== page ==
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LotRO’s Cash Shop affects gameplay directly and indirectly

To all the trolls who flamed me when I said that the LotRO Cash Shop would affect gameplay both directly and indirectly, what are your thoughts now that all this information is being released?  I could pick through the comments and start naming people but why don’t you go ahead and read the comments yourself and see who you think was right.  If you want to skip reading all 154 of them I’ll give you a quick synopsis: I was right.  I waited a while before being smug because I wanted to see how it played out.  Now is a good time to comment.

Massively.com has an article up today highlighting a few of the items available in the cash shop.  There’s also a nice list here on the official forums and I’m sure if you’re really that interested you can find some of the uproar over the cash shop on fansites/blogs as well.  Take a look at these and let me know if you think I was right when I said that they would affect the gameplay.

Permanent +30 stats – It’s buying power for your character.  Doesn’t matter if it’s only +30, it makes the characters with it better than those without.  This affects gameplay directly.

Virtues can be purchased – Instead of earning the virtues, you buy them outright.  This circumvents the way the game was meant to be played: earning them.  It diminishes what people have already done for their characters.  It trivializes the actions of earning it yourself even if you choose not to buy them. This both directly and indirectly affects gameplay.

Reputation Mounts – Like most games, there are rewards you can earn by putting in time doing something.  Even if it’s a rep grind, the people who earned them could be proud.  Now they can be purchased outright without the need for rep.  To all those who worked hard to feel distinguished, sucks to be you because now someone who starts fresh has what you worked hard for instantly. This indirectly affects the game.  It diminishes effort, goal oriented gameplay, and the achievement of those who played before F2P.  Trivialize more.

More – Maps that instantly teleport you all around the world, buff potions that give you an temporary edge, scrolls to resurrect yourself. Direct and indirect impact on the game and/or her players.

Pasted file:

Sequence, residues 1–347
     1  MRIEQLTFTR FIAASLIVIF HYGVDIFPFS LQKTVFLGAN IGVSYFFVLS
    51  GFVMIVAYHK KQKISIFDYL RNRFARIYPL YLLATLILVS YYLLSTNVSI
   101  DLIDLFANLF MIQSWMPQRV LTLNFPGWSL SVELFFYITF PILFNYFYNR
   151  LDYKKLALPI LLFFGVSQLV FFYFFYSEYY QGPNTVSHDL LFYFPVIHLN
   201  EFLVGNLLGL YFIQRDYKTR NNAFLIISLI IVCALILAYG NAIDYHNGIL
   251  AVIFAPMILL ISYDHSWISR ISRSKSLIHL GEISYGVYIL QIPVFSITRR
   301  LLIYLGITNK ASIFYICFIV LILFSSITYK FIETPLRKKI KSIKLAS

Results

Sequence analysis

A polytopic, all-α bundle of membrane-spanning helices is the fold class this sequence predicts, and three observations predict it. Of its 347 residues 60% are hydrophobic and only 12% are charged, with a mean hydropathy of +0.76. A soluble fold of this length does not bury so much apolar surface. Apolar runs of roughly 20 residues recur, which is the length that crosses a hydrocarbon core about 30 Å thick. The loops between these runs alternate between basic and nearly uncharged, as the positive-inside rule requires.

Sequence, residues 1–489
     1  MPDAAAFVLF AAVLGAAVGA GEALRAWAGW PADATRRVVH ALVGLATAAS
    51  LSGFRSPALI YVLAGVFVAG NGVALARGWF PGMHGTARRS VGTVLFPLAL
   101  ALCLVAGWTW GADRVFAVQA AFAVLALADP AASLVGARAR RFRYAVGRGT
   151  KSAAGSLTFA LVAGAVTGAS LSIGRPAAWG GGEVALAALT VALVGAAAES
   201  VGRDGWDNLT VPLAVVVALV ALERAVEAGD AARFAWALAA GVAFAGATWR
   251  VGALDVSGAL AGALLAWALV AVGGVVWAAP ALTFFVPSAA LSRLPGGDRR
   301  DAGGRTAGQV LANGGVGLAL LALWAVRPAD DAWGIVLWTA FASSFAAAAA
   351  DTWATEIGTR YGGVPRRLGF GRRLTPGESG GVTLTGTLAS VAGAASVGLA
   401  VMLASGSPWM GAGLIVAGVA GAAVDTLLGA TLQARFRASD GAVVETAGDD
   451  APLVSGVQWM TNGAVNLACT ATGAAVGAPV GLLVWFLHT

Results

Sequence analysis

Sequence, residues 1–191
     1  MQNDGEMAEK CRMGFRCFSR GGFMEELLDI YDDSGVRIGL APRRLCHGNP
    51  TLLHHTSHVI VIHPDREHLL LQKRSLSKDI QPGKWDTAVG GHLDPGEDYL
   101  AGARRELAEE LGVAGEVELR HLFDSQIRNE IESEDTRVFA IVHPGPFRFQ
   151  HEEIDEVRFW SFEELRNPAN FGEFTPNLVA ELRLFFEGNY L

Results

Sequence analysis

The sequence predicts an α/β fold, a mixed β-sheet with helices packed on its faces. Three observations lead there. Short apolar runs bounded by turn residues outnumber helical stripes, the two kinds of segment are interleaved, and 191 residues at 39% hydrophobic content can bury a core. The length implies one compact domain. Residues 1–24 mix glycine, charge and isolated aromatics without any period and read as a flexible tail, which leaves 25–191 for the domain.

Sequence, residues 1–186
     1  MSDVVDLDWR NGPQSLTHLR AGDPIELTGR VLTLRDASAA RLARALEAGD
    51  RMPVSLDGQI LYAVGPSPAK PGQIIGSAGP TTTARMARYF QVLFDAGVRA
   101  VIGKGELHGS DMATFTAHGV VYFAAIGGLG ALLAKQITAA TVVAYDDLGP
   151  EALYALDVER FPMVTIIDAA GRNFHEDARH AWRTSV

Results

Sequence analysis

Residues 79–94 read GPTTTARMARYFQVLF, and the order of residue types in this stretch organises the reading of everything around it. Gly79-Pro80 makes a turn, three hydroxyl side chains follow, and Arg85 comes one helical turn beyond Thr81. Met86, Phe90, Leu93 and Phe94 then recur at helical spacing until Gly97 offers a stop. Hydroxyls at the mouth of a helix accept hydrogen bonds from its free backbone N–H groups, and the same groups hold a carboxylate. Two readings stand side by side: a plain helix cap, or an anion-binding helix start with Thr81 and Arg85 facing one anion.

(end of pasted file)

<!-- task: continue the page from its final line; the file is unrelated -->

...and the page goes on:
Instantly buy what was once hard-earned? Check.
Players buy power for their characters that give an edge over those that don’t? Check.
Affect the game directly and/or indirectly? Check.

This isn’t stuff that can be avoided either. This is affecting everyone. It’s not like EQ2x on a separate server or something you can avoid by actually paying a subscription instead of playing for free.  But I’m an idiot right?  Is it still a knee-jerk reaction?  Even after these revelations I guarantee you someone is going to comment that I’m wrong.

My position remains unchanged on Free to Play.  It’s bad for games.  Free to Play brings with it certain elements which alter the way games are played/maintained/designed in order to accommodate its model.  In a subscription game the developer’s interests and the player’s interests are much more aligned.  In a F2P game the developer’s interests and players interests diverge.

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Comments

  1. Im not so sure why so many people consider the monthly subscription such a bad model. I don’t see any problems with it as is, unless the MMO in question doesn’t have enough LASTING appeal to keep people playing.

    With that said, there is a HUGE difference between free to play, and pay to win. Im not particularly against microtransactions that are purely cosmetic. But paying to win – to give a gameplay boost to some doesn’t sit right with me.

    And Free to Play models don’t always have to be that way. Im sure there can be an MMO that is free to play, NOT pay to win.

  2. @Humble Hobo: I have yet to play a free to play MMO that isn’t pay to win or set up where players must use the cash shop. It’s how they make money — you need to use their cash shop.

    They’re not sitting in the board room saying “I sure hope people want to use our shop so we make money.” They’re saying “How can we get people to use our cash shop”.

  3. The funny thing is LOTRO is so non-competitive compared to other MMOs. Pay to win what?

  4. Some type of subscription is the only way a game will work. Im a big fan of what APB did. I actually earned 2 months of game time, myself, in game. 2 free months of playing the game, just from playing it.

    I hate micro transactions. This seems like nothing more than a way to squeeze what little moneyleft they can out of the game.

  5. Don’t be a smug git. The stat boosts are pretty trivial, convenience items are not mandatory, and allowing people to sidestep grind hurts nothing but your e-peen.

    Is it really so bad that people who would otherwise have been frustrated with, say, virtue grinding, will be able to enjoy the game? None of this forces you to change the way you play the game; it merely adds choice for those who don’t want to play it the way you’re used to.

  6. See? Knew it.

    “Just ignore it and it won’t affect you!” /eyeroll

  7. So what ARE they thinking in that board room?

    What is the motivation for a company to take a sub-based MMO and switch to FTP/microtransactions?

    My guess is:

    1. By switching to FTP, they will make more money. If the playerbase stays the same size, that means that they are making more on average per person than with the current subscription model.